The Historic Brandville School, built in 1882, has been refurbished and now houses the Oregon-Jerusalem Historical Society. Local history memorabilia, artifacts and a Civil War collection, including the refurbished 19th century oil painting of the 1864 Volunteer Light Artillery Group, are featured.
A replica of a carriage house was constructed at the complex to display the Oregon-Jerusalem Historical Society’s growing display. The first floor houses a replica of a local general store, while the second floor has vignettes of a doctor’s office and a living area displaying sections of a bedroom and a parlor. Farm implements are also on display, in addition to a one-horse sleigh and many tools and devices used by local tradesmen in bygone eras.
Open 10 a.m.- 2 p.m. Thursdays (excluding holidays). Call to arrange tours for groups of four or more. No charge; donations accepted.
1133 Grasser St., Oregon
The Town Hall looms over the village of Genoa, its bell tower visible for blocks. Originally built as the Genoa Opera Hall, it was completed Jan. 2, 1883. The building immediately became the hub of activity in the village and council meetings are still held there.
Built in the Gothic revival style, the structure features eight ornamental chimneys, and a hand-carved sandstone mask of Dionysius, the Greek God of theater, which rests over the main entrance. The Town Hall, which is listed on the National Register of Historic Places, houses the mayor’s office and the village council chambers on the first floor. The second floor is used by Genoa’s Civic Theater.
The Genoa Privy, built to serve as Genoa’s first school, is believed to be the only brick outhouse on the National Register of Historic Places.
Elmore Depot & Matti Heckman Log House
The Elmore Historical Society purchased 1860s Elmore Depot in 1981, along with 2.5 acres of land. The society undertook an extensive renovation, and the building now houses memorabilia from Elmore’s past.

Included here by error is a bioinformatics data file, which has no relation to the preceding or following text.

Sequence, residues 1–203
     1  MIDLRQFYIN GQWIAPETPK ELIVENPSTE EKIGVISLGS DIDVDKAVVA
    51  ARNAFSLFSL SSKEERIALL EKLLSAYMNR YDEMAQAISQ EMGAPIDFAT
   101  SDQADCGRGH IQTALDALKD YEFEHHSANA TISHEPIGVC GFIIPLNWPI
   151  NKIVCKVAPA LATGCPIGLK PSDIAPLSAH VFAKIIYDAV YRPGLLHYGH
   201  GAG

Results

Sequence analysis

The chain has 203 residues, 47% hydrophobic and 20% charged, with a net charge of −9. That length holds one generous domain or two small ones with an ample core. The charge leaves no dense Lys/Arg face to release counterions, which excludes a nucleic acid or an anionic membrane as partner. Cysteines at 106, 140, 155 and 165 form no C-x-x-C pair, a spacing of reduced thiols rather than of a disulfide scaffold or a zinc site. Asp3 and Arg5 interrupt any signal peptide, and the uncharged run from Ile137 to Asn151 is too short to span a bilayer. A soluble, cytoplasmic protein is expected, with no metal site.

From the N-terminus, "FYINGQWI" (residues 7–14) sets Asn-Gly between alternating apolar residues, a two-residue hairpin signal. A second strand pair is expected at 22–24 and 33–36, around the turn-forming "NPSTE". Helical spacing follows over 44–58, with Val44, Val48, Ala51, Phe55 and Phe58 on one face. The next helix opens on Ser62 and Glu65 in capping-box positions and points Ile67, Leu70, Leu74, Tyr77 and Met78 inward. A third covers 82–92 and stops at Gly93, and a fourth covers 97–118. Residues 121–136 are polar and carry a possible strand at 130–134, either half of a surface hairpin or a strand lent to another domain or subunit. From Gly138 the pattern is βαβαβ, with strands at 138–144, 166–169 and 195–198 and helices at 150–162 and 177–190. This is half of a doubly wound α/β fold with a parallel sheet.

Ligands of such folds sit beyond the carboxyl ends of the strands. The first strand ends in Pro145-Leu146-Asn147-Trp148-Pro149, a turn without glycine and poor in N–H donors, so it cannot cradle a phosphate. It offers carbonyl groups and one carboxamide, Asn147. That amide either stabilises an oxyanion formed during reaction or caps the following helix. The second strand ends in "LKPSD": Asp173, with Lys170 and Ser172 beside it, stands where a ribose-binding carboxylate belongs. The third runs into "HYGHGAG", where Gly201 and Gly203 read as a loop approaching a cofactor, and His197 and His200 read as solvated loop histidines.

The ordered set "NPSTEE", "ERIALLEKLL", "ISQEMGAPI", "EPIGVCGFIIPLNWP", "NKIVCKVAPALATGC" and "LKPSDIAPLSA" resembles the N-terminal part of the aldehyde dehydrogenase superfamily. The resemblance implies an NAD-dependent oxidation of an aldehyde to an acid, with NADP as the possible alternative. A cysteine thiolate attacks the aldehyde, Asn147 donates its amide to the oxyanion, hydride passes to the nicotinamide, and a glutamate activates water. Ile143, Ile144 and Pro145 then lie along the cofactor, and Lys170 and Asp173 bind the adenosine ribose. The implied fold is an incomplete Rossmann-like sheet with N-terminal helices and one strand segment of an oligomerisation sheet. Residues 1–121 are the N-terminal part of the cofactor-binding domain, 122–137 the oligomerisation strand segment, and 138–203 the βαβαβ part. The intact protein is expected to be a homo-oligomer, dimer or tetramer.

In 1983, society members dismantled, relocated and rebuilt the 1840s Heckman log house, adding an elaborate flagstone fireplace and porch, and furnishing it with artifacts from its era. Matti Heckman, who taught third grade to many in the area, lived in the house.
Rice Street, Elmore
Pemberville’s historic Pember-Furry House and One-Room School takes visitors back in time to the early 1900s. Believed to be the community’s oldest frame residence, the Furry House was built by village founder James Pember, and eventually was home to long-time residents Jacob H. Furry and his daughter, Minnie.
Featuring unique architectural details and authentic period furnishings, the house sits adjacent to the One Room School, where Pemberville’s youth learned “readin’ and writin’” at the turn of the century. Admission is free. The Pember-Furry House and One-Room School are open by appointment from spring through fall.
324 E. Front St., Pemberville
While in town, check out the restored railroad depot (circa 1881), with railroad and Pemberville memorabilia on display. Open May through October by appointment (419-287-4114) and during community events.
Woodville Historical Museum
Woodville Historical Museum, operated by the Woodville Historical Society, features materials and artifacts documenting the rich history of the small village located on the banks of the Portage River about 20 miles east of Toledo.
Among the items on display is a collection of Indian artifacts believed to go back as far as the time of Christ, pictures of early Woodville, a complete collection of school yearbooks and copies of the local newspapers from 1927 through 1978.
Among other topics, museum visitors can learn about the 1900s oil boom, Indians in the Woodville area, lime plants, early schools and the Lake Shore Electric rail system that once traveled between Toledo and Cleveland.
107 E. Main St., Woodville
North Coast Veterans Museum
The North Coast Veterans Museum is a tribute to those who have served in the uniformed service of the United States, especially those who have lost their lives in combat or training.
The dramatic and colorful military displays include weapons, uniforms, pictures, memorabilia, military accessories, tents and first aid from the Civil War to present.
Open 5:30-8 p.m. Mondays and 10:30 a.m.-6 p.m. July 4 and Veteran’s Day. Group tours by appointment.
Williams Park, 411 Main St., Gibsonburg
419-332-5912 or 419-332-4812
S.S. Willis B. Boyer Museum Ship